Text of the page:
By Ken Brossman, District Manager – La Crosse, Marine Credit Union
A low credit score can be difficult to rebuild, but your ability to adjust your habits can definitely help. It may take some discipline, but the outcomes for you and/or your family will be worth it! Follow these tips to get the ball rolling:
- Always pay your debts on time. Each time you make a payment on time, it is helping to bring your credit score back up. It may not seem like a big deal, but you are proving to the credit bureau and your bank that you can be responsible with your money, pay on time and break the bad habit of late payments.
- Limit your credit card and other revolving debt. Credit cards are considered revolving debt or reusable credit because the balance increases as you spend and decreases as you pay it off. And remember as your balance increases, your available credit decreases. This is an easy way to build credit and can be useful when used with discipline.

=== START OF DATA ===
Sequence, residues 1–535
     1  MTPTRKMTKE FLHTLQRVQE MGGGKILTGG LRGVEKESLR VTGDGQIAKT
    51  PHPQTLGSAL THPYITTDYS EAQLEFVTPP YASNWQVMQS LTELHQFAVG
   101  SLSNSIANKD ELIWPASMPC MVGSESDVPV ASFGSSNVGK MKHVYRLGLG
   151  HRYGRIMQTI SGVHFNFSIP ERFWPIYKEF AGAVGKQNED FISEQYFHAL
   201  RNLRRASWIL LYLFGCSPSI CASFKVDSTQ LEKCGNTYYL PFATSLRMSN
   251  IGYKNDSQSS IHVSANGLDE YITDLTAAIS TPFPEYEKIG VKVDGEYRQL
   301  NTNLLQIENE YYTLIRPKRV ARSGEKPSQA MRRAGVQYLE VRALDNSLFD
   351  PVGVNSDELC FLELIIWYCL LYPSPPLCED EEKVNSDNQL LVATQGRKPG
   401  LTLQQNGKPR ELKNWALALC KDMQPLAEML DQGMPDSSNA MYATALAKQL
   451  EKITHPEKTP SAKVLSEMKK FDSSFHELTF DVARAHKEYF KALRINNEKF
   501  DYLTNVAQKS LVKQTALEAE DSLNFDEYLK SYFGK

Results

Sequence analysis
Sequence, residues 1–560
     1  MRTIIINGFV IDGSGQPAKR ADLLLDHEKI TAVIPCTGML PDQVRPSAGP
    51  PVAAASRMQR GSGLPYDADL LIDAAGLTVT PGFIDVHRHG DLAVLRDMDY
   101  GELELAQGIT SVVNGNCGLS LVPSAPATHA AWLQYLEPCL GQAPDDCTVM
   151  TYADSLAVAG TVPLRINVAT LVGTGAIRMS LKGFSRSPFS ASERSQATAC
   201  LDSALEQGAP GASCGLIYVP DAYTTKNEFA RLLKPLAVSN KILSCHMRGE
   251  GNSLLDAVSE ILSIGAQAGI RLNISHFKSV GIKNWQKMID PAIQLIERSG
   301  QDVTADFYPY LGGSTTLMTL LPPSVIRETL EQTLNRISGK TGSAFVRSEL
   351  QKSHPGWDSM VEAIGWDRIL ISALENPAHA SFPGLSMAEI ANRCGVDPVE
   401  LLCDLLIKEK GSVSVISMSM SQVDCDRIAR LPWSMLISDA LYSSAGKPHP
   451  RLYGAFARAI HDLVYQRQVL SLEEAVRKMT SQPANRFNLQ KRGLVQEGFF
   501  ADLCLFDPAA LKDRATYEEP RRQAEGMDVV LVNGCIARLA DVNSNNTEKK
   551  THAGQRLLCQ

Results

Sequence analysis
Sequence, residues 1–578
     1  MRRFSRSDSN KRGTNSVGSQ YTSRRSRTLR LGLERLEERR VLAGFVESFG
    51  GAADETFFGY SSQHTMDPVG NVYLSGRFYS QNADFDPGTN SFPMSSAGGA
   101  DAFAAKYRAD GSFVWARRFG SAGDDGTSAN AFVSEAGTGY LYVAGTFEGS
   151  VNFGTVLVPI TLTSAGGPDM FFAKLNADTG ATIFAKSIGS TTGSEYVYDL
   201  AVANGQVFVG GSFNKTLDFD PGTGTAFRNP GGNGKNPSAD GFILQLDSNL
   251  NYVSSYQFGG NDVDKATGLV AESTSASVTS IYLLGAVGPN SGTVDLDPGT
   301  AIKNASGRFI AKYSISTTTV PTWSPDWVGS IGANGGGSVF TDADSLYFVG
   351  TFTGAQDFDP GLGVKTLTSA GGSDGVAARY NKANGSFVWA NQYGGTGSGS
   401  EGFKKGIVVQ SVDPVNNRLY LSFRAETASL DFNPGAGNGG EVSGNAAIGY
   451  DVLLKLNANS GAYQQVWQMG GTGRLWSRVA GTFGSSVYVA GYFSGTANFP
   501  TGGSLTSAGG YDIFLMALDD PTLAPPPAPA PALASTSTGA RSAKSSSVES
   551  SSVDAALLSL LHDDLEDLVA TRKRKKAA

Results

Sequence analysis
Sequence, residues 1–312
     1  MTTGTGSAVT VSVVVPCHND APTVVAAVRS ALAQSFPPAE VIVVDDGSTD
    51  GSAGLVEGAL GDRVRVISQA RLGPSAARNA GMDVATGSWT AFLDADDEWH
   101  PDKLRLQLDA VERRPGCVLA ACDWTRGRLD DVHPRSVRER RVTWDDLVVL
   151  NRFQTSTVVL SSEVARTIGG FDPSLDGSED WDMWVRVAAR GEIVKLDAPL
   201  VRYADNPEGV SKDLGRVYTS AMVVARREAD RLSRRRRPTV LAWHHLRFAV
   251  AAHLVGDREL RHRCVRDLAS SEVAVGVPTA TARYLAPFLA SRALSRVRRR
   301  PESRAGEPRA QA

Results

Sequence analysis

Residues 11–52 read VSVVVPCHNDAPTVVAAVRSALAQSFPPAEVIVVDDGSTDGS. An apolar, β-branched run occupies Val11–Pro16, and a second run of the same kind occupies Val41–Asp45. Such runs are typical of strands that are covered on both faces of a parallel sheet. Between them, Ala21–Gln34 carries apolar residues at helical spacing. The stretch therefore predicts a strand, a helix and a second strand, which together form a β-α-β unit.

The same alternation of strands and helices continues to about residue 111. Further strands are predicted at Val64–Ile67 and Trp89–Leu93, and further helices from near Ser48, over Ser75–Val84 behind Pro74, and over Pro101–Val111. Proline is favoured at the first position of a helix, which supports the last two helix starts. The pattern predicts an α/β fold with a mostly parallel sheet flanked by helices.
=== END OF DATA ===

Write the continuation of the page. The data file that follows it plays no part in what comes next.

- Keep your revolving debt ratios low. According to the Credit Card Forum, “on revolving credit accounts (i.e. credit cards) the average debt to credit ratio is seven percent.” Not using all of the credit that is available to you demonstrates responsible use of the account. The lower you can keep this ratio, the better credit score you will maintain.
- Pay off your collections and judgments. Work with your bank or creditor to come up with a solution to your debts that have gone bad. Paying these off can do wonders for your credit score.
- Monitor your credit report and make sure it’s accurate. As your credit score increases, you should be able to get a lower interest rate on your loans or debt. Often times collections or judgments that have been paid off are still reporting open. But remember, every time a bank, employer or retail store performs a hard inquiry on your credit report, it decreases your credit score. You have a right to a free copy of your credit bureau report annually. Take advantage of this to watch for errors.
- Maintain long relationships with your creditors. Responsible use of your available credit over an extended period of time will really help you improve your score. Closing existing accounts and opening new ones can actually have an adverse effect on your score.